What is free testosterone?
Testosterone is a male sex hormone that is also present in women in smaller amounts.
The total testosterone in the blood includes both bound and free testosterone. Most of the testosterone in the blood is bound to proteins called globulins, mainly sex hormone-binding globulin (SHBG). Only a small amount of testosterone is freely and immediately available for the body's cells to use.
Why analyze free testosterone?
Free testosterone may be important to calculate in certain medical conditions, such as erectile dysfunction or male infertility. It can also be calculated as part of hormonal evaluations in case of suspected hormonal imbalance in both men and women.
Calculate free testosterone
Free testosterone can be measured in different ways, but a common way is to use a mathematical model that takes into account the total testosterone value and the level of SHBGin the blood. This model is called "estimated free testosterone".
Model takes into account the total testosterone value and the amount of SHBG protein to which the testosterone is bound. The higher the level of SHBG in the blood, the less free testosterone is available. This may be relevant in hormonal evaluations, where both total testosterone and SHBG levels are measured together with calculated free testosterone to provide a more complete picture of hormone balance.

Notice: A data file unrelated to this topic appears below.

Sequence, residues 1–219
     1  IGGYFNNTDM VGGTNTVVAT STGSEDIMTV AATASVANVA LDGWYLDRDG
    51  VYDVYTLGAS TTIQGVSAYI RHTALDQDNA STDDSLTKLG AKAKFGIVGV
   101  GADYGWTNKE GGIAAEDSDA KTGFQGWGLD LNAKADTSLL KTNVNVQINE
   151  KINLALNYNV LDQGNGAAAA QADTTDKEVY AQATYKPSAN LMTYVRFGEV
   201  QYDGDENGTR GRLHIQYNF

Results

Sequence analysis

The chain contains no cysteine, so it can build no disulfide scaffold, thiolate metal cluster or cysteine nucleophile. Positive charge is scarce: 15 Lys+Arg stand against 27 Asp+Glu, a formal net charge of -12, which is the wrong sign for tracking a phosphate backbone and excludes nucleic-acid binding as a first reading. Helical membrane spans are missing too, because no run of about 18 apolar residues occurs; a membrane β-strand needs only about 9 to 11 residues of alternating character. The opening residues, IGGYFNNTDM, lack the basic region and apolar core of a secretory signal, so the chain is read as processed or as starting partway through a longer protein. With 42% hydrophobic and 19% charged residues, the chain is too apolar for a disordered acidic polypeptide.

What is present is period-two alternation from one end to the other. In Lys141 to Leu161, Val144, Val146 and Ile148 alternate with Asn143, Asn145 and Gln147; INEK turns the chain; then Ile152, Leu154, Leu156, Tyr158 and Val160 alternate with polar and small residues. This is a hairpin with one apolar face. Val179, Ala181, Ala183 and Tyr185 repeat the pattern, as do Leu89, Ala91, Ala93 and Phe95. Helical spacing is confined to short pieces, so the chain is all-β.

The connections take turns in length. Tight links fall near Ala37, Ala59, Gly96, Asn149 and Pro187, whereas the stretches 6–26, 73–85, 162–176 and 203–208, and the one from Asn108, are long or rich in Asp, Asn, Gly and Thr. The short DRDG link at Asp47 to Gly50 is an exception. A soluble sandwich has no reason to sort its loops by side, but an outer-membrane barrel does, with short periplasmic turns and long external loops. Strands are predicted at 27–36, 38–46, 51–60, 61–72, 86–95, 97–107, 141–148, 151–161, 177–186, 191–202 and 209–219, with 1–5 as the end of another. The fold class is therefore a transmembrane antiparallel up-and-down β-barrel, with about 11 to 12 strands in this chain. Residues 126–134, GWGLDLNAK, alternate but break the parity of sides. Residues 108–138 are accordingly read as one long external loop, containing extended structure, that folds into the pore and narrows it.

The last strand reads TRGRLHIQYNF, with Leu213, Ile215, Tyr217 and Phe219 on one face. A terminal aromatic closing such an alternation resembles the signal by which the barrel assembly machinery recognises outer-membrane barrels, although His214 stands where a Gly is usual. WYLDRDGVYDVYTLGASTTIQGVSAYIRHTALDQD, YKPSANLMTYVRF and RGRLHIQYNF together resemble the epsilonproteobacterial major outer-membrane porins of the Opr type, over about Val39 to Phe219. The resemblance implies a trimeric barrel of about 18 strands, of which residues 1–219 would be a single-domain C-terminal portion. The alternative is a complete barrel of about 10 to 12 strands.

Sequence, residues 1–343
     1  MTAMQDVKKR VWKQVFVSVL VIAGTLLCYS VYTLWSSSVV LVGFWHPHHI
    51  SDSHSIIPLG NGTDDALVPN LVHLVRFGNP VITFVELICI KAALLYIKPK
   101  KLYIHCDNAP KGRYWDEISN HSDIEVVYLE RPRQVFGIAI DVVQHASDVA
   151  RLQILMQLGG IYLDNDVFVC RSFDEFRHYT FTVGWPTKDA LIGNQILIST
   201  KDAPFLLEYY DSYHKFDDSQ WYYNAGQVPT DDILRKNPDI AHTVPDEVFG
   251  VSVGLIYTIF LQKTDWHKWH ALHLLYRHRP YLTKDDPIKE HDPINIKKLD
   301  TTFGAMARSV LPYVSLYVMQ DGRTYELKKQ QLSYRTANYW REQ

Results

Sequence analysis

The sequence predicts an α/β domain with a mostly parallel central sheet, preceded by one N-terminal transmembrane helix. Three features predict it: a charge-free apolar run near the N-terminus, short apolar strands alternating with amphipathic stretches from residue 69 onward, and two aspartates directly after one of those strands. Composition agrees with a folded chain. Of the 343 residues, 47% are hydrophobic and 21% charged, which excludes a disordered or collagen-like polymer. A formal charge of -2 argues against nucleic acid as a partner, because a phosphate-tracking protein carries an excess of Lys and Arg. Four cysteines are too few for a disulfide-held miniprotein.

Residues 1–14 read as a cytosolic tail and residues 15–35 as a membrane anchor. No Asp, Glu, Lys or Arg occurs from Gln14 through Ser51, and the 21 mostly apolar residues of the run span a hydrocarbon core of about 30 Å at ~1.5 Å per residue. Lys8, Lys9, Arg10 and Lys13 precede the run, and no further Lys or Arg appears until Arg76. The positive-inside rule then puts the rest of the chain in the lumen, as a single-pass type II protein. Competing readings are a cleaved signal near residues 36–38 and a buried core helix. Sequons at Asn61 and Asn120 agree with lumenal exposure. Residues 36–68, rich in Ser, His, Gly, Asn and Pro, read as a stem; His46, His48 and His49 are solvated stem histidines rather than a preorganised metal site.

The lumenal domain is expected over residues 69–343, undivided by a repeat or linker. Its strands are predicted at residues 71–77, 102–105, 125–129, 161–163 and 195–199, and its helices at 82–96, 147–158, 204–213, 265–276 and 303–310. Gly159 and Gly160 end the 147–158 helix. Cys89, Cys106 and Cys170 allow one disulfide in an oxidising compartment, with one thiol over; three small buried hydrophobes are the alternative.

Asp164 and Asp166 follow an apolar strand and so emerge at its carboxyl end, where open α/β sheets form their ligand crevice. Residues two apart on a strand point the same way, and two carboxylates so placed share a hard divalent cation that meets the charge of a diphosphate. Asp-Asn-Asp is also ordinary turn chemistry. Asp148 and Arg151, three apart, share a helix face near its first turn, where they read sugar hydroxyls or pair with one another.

Formula for free testosterone
The formula for calculating bioactive testosterone also takes into account the biomarker albumin, another protein that can bind to testosterone but to a lesser extent than SHBG. The formula may vary slightly depending on which laboratory is used, but a commonly used formula is:
Free Testosterone = Total Testosterone x (0.67 x Albumin/(SHBG x 100))
In this formula, albumin and SHBG are used to adjust binding proteins and obtain an estimate of the free proportion of testosterone in the blood.
Reference range - free testosterone
- 0.15 - 1.4 nmol/L
- 17 - 40 years: 2.8 - 21 nmol/L
- 41 - 60 years: 2.0 - 15 nmol/L
- > 60 years: 1.4 - 14 nmol/L
High levels of free testosterone
High levels of free testosterone can also cause symptoms such as acne, increased body hair, mood changes and reduced sleep quality.
Low levels of free testosterone
Low levels of free testosterone can also cause symptoms such as decreased sex drive, fatigue, muscle weakness, depression and decreased bone mass.
Low levels of free testosterone can affect fertility, but this is not always the case. Testosterone is an important hormone for sexual function and reproduction, and a lack of testosterone can lead to reduced sperm production and reduced fertility in men.